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Learning natural data

Next the algorithm was tested with natural data. A sheet of hand-written text was digitised with 100 dpi resolution. The samples were obtained by taking small 16 by 16 pixels square areas corresponding to 4mm by 4mm area in the original text. In figure 4.11 (a) there are 100 samples from the image. In the sample vectors, background colour of the sheet was coded by zero and the text was coded with positive values. A 2-dimensional map was adapted using parameters in table 4.2. Parameters and were held constant throughout the learning. Figure 4.11 (b) shows the weight vectors of the resulting map. Each neuron seems to be sensitive to a dot of ink at a localised part of the sample. It is also evident that the finite sampling area has caused the distribution of the neurons to be far from uniform. The neurons which are sensitive to ink at the edge of the sample are much more localised than the neurons which are sensitive to ink at the centre of the sample. This happens probably because there are quite many samples where only a small part of a letter is visible at the edge of the sample.

Table 4.2: Parameters in the test runs with 100 neuron maps and natural data.

In order to decrease the effect of the finite sampling area, the samples were weighted with a Gaussian function, whose full width at half maximum was the width of the sample, i.e., the weights at the middle of the borders of a sample were 1/2. All parameters were the same as in the previous test. Figure 4.12 shows some of the samples and the resulting map. The centre of the sample received more neurons to represent it. Some neurons have elongated dots in their weight vectors. This means that these neurons are sensitive to location as well as orientation.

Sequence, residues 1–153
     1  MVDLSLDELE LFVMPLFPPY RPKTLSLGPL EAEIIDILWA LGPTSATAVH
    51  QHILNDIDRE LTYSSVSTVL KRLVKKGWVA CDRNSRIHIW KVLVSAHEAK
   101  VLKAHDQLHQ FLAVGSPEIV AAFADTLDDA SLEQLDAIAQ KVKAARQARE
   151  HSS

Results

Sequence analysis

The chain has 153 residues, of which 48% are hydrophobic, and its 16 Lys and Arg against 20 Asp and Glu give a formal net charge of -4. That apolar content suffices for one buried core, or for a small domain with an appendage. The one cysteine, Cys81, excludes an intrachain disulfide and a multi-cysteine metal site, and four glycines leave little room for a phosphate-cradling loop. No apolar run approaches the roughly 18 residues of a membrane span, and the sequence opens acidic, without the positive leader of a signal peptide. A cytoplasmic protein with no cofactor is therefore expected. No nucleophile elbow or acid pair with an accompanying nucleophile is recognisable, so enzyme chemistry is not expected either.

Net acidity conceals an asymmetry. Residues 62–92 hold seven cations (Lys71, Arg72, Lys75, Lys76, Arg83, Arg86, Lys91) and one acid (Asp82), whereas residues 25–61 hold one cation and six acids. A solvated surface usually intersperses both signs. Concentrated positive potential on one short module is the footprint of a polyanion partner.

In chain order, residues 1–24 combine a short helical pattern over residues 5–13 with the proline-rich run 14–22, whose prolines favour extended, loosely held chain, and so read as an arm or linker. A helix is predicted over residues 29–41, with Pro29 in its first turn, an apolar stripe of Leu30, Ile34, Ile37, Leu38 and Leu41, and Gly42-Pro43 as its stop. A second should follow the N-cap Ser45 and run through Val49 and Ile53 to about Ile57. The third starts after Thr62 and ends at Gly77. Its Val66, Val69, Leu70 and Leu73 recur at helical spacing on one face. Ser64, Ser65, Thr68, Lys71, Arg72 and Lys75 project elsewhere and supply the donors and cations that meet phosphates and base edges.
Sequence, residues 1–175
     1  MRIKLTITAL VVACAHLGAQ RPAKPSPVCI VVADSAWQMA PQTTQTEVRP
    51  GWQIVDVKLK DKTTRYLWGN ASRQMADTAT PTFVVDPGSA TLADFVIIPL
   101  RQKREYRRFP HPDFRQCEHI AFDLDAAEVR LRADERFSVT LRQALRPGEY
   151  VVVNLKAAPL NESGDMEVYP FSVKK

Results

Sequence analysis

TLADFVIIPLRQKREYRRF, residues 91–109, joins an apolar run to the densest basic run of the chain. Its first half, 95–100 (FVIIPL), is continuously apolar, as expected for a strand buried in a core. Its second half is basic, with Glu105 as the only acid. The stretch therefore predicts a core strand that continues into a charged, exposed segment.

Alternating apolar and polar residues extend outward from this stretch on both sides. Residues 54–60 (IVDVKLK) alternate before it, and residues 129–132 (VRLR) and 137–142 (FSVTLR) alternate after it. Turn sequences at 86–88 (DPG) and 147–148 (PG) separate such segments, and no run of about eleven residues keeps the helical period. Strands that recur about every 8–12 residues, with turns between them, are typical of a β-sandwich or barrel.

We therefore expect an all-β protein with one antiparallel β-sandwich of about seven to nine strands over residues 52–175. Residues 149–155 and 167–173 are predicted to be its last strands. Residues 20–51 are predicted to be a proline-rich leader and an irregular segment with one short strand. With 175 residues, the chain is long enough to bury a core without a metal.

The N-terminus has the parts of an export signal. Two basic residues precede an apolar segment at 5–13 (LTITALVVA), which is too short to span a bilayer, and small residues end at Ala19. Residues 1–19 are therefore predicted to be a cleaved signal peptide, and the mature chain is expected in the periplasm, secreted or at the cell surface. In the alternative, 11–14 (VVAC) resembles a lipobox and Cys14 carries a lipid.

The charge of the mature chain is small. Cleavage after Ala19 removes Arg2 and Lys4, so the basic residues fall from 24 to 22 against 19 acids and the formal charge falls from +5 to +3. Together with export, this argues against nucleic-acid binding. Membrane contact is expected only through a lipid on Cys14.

Next the effect of increasing the number of neurons was tested. The data was the same as in the previous test but the number of neurons was increased to 400. The parameters used in the training are shown in table 4.3. The resulting map is shown in figure 4.13. Due to the larger number of neurons there is more competition and the neurons become more specialised. The majority of the neurons are sensitive to both location and orientation.

Table 4.3: Parameters in the test run with 400 neuron map and natural data.

Figure 4.14 shows the linear reconstructions of the sample images from the outputs of the maps. The reconstructions have been computed using equation 3.8. The acuity of the reconstructions based on the map with 400 neurons is naturally better than with 100 neurons. It should be noted that equation 3.8 does not give the exact reconstruction of the inputs, but nevertheless it can be used to give an idea about the amount of information in the outputs of the network. Also, the only goal of the algorithm is not to find optimal representation with respect to reconstruction error, which could be minimised using dense coding. The outputs are also required to be sparse, which has several other advantages over dense coding.

Figure: 100 samples from hand-written text (a). The text has been digitised with 100 dpi resolution, and each sample has 16 by 16 pixels corresponding to 4mm by 4mm area. White colour corresponds to zero and dark colours to positive values. A 2-dimensional map with 100 neurons (b) has learned to represent the samples. Due to the fairly small area in the samples the distribution of the filters is far from uniform.

Figure: 100 samples from hand-written text (a). The samples are otherwise similar to those in figure 4.11 (a), but in order to decrease the effect of the finite sampling area they have been weighted with a Gaussian function, whose full width at half maximum has been the width of the sample, i.e., the weights at the middle of the borders of a sample have been 1/2. A 2-dimensional map with 100 neurons (b) has learned to represent the samples. The distribution of the filters is more uniform than in figure 4.11 (b).

Figure: A 2-dimensional map with 400 neurons has learned samples taken from hand-written text. The samples have been weighted with a Gaussian function (see figure 4.12 (a)).

Figure: 100 samples (a) have been linerly reconstructed from the outputs of a map with 100 neurons (b) (the map in figure 4.12) and 400 neurons (c) (the map in figure 4.13). The reconstructions give an idea about the amount of information in the outputs.

Next: Discussion Up: Simulations Previous: Learning artificial data

Harri Lappalainen
Thu May 9 14:06:29 DST 1996